After an EU demand for concessions, Prime Minister Boris Johnson broke off talks and said it was time to prepare for a no-deal Brexit.
The EU has since offered to intensify talks and open discussions on legal texts of a draft deal, but Britain maintains there is no basis to resume discussions without a fundamental change in approach.
“My message: we should be making the most out of the little time left,” Michel Barnier, the EU’s chief negotiator, said after a telephone call with British counterpart David Frost.
“Our door remains open.”
The European Commission said it was ready to negotiate though both sides would have to compromise.
Johnson’s spokesman said the EU had to show it was taking a fundamentally different approach.
EU diplomats cast Britain’s moves as bluster and a frantic bid to secure concessions before a last-minute deal, though an ally of German Chancellor Angela Merkel said chances of a deal were narrowing.
“At the moment, I see the chances worse than 50-50,” Detlef Seif, Brexit rapporteur for Merkel’s conservatives in the lower house of parliament, told Reuters. “The ball is still in Britain’s court at the moment.”
There is concern in some European capitals that Johnson may judge that the domestic political benefits and potentially the long-term economic freedom of a noisy no-deal exit outweigh the benefits of a shallow trade deal.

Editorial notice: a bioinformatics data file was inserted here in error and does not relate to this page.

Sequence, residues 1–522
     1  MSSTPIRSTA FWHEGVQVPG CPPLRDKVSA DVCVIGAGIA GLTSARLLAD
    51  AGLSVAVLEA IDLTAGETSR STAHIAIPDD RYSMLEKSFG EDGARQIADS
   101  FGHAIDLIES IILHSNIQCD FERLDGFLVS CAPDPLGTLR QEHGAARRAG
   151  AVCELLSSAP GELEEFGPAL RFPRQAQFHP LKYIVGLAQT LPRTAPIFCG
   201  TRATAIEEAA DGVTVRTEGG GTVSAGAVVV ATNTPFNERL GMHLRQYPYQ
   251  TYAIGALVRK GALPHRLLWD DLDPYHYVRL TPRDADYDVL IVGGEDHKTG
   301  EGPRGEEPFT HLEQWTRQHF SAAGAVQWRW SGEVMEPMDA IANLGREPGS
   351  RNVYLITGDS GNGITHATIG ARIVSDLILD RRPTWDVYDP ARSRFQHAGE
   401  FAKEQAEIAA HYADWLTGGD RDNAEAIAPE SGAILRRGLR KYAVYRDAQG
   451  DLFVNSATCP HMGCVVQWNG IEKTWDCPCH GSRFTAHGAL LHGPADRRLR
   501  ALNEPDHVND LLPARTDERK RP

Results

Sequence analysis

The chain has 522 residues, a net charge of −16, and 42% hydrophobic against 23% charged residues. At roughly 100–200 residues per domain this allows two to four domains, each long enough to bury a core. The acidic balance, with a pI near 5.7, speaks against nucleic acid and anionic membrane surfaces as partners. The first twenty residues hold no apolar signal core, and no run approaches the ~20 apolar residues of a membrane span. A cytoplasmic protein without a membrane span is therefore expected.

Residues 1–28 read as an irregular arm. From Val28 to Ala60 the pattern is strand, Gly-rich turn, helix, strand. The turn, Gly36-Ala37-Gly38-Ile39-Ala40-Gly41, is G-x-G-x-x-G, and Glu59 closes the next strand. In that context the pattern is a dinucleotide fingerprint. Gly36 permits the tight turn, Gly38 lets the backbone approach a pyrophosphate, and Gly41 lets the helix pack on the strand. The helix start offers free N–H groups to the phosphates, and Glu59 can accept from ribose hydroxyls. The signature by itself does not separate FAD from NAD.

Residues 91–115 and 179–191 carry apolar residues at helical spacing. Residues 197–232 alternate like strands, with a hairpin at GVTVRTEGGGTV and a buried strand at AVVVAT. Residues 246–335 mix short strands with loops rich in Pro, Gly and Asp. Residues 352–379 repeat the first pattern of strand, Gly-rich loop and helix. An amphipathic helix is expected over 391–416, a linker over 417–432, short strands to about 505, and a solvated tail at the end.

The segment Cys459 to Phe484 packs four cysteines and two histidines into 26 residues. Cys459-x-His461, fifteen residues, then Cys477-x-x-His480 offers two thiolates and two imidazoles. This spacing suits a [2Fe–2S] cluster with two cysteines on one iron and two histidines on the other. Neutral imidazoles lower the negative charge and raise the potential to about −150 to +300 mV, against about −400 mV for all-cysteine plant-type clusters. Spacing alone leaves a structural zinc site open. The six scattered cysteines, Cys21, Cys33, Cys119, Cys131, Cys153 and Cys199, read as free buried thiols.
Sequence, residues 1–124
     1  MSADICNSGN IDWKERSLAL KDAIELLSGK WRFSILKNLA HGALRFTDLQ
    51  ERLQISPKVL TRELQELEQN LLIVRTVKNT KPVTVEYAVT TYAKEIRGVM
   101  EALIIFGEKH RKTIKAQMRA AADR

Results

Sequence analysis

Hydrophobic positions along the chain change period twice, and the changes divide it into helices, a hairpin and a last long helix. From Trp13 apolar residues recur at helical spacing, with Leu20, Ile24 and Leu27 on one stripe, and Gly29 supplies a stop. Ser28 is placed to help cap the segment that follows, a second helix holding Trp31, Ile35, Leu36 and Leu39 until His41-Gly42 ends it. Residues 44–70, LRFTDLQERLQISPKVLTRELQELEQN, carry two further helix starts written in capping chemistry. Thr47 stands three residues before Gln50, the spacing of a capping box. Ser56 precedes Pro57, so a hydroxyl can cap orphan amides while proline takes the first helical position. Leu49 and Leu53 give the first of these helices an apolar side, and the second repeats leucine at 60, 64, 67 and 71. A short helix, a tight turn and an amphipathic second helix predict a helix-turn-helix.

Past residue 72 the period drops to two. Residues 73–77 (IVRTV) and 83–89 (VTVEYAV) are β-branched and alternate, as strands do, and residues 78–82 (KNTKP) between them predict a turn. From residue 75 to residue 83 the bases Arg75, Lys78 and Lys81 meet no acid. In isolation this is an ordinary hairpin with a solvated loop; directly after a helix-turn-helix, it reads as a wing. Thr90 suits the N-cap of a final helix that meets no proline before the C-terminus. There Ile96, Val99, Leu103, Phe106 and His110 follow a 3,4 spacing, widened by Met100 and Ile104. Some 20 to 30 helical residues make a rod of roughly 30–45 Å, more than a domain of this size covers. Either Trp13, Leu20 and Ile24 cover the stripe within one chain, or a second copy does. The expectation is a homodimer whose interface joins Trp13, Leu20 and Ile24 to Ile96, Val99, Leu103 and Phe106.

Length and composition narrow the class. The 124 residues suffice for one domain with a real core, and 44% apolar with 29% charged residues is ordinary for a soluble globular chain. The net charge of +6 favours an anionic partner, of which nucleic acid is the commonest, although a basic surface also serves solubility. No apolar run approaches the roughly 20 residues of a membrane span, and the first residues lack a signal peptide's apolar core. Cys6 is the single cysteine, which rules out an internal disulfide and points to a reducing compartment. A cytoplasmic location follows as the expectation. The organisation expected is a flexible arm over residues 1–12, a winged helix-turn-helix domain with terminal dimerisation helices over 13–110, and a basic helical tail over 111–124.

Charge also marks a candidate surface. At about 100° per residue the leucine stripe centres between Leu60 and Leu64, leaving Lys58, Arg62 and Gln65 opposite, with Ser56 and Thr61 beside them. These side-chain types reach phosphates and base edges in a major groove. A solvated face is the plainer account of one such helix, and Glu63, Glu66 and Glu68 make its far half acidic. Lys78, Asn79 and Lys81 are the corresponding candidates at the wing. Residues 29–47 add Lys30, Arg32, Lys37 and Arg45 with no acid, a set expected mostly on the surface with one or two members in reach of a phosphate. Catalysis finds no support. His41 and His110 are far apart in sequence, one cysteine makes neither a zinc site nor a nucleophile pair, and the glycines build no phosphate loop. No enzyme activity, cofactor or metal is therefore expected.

“If they want to get back to the negotiating table, they can,” said one EU diplomat. “If they want to jump – we won’t be able to stop them.”
“All this posturing is only aimed at strengthening Johnson’s hand. If they don’t want to talk, that’s their choice. There is no point at this stage to give them anything more,” said another EU diplomat.
Britain formally left the EU at the end of January, but the two sides have been haggling over a deal that would govern $900 billion in trade from car parts to medicines.
Johnson and his Brexit supremo Michael Gove will tell businesses on a video call on Tuesday to step up preparations for the end of the transition period.
Failure to strike a deal with the EU would be “extremely damaging” and cut profits by up to a quarter at carmaker Bentley, its boss told Reuters, as the government urges firms to plan for potential disruption.